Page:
Ghoulish to want Klitschkos to fight?

June, 20, 2011
KlitschkoAP Photo/Frank AugsteinThe Klitschkos could teach us a lot about sportsmanship by fighting each other.

This story appears in the June 27, 2011 issue of ESPN The Magazine.

BOXING'S HEAVYWEIGHT DIVISION is such a bore that it was fun to hear WBA champ David Haye recently taunt Wladimir Klitschko about their July 2 title bout, saying the Ukrainian usually boxes "little fat puddings who turn up for a paycheck." There's real animosity between these two, and the extended buildup to their long-delayed fight has injected some life into the sport. When the dust settles in Hamburg, Germany, the winner will hold three of the four heavyweight belts. But just boxing's luck, if Wlad comes out on top, the unification bout that would generate huge pay-per-view profits will never happen. Why? Because it would pit Klitschko vs. Klitschko, Wlad vs. Vitali, who holds the other belt.

As the brothers see it, bloody family spectacles are best left to reality-TV shows or movies like Warrior, the upcoming flick about MMA siblings put on a collision course by their boozing ex-boxer dad (played by Nick Nolte in a bit of reality casting). The Klitschkos long ago promised their mom that they'd never cross gloves professionally, and in 2009 Wlad told London's Daily Mail that if he were to fight his brother, "we'd both be losers."

I don't buy it. The 39-year-old Vitali has parlayed his WBC belt into a career as a politician in the Ukraine, while Wlad, four years his junior, has collected alphabet titles (IBF, IBO, WBO) and Hollywood starlets. Boxing has been very, very good to them, so if the pugilistic stars align, why shouldn't they step up and pay it forward?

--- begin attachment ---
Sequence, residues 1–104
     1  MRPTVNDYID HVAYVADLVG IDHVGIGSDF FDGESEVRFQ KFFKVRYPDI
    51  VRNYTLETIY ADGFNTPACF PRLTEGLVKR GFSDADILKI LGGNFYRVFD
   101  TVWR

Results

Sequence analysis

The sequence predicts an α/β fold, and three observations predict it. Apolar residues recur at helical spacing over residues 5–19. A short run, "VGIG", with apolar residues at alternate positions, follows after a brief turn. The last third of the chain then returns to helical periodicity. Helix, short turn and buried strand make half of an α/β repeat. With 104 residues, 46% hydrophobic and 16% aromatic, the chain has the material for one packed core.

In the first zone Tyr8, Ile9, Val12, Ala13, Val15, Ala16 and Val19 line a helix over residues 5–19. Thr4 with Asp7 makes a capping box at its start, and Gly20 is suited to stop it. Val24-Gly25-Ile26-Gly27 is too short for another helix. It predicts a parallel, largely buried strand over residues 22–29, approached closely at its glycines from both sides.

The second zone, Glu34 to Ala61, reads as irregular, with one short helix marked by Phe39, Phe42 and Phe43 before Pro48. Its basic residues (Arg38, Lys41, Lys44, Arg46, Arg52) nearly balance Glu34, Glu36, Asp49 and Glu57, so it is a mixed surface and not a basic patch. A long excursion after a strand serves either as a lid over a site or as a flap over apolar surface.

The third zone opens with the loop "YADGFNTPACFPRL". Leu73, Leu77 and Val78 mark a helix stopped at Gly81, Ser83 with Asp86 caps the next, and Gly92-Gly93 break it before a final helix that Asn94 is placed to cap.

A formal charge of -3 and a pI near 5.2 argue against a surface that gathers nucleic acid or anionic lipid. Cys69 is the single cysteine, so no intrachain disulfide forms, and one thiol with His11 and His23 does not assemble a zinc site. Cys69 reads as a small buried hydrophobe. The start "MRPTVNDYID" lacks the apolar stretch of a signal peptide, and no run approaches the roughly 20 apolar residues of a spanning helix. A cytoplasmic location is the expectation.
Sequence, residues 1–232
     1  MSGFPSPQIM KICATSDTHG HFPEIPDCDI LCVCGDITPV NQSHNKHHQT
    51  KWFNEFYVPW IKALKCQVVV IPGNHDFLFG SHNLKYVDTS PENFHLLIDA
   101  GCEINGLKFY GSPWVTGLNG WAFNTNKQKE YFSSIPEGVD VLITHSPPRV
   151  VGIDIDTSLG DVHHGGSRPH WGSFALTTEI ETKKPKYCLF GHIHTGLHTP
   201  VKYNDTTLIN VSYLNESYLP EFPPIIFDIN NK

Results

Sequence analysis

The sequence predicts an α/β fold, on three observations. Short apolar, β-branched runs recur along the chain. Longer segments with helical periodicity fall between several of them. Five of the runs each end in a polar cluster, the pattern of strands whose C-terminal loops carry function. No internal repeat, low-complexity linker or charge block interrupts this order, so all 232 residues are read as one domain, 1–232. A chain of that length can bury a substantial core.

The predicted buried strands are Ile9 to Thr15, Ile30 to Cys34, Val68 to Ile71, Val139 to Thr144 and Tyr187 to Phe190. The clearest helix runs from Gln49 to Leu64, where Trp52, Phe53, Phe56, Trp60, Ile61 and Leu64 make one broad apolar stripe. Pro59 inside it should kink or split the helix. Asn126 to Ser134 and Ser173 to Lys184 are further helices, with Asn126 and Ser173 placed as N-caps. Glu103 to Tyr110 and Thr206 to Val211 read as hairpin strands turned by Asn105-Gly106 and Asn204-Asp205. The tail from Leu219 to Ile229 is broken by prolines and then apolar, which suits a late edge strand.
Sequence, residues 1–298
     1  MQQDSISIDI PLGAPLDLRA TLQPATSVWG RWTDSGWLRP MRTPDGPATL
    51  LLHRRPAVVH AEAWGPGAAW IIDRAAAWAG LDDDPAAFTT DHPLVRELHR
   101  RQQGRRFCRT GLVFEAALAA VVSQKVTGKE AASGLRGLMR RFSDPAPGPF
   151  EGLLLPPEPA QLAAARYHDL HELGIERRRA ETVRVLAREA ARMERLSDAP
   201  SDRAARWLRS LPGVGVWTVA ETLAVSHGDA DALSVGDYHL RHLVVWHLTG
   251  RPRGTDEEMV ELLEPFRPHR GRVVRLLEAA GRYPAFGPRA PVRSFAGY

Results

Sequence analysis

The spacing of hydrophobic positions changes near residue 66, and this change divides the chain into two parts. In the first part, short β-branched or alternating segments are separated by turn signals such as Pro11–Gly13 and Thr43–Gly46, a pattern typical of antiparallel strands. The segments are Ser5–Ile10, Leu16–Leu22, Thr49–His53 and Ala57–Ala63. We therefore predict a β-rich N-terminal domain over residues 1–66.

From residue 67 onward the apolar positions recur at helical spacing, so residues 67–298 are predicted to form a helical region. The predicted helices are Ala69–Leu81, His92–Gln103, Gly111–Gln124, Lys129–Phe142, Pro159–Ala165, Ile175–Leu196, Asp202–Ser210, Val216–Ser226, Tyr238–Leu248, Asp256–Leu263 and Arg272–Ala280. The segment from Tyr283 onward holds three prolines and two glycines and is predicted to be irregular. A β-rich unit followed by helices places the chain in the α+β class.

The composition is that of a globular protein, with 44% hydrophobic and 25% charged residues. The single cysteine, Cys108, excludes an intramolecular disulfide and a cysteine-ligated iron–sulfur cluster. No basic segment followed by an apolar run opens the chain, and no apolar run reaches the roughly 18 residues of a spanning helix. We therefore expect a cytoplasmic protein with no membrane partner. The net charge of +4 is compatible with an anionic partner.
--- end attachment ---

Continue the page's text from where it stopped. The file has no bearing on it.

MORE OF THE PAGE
I know it may sound ghoulish. The Manning brothers can go to war on the gridiron without ever coming face-to-face, and the Williams sisters can safely gun baseliners from 78 feet apart. Fighting, on the other hand, demands close, punishing contact. Other than a few small-time bouts, there's little history of brothers meeting in the ring. The Klitschkos have made their stand, and in MMA, stars Nick and Nate Diaz just say no too. Even when sibs are game, promoters can't quite stomach the idea. At a recent press conference, Strikeforce CEO Scott Coker rolled his eyes when heavyweights Valentijn and Alistair Overeem said they're ready to rumble. "I'm sure they've had their rumbles growing up," Coker said with a tight smile. "But I think we should keep that in the house and not put it in the cage."

Shaun Assael | email

ESPN Senior Writer
• Senior writer for ESPN The Magazine and
• New York Times best-selling author. New book in 2016: "The Murder of Sonny Liston: Las Vegas, Heroin & Heavyweights."



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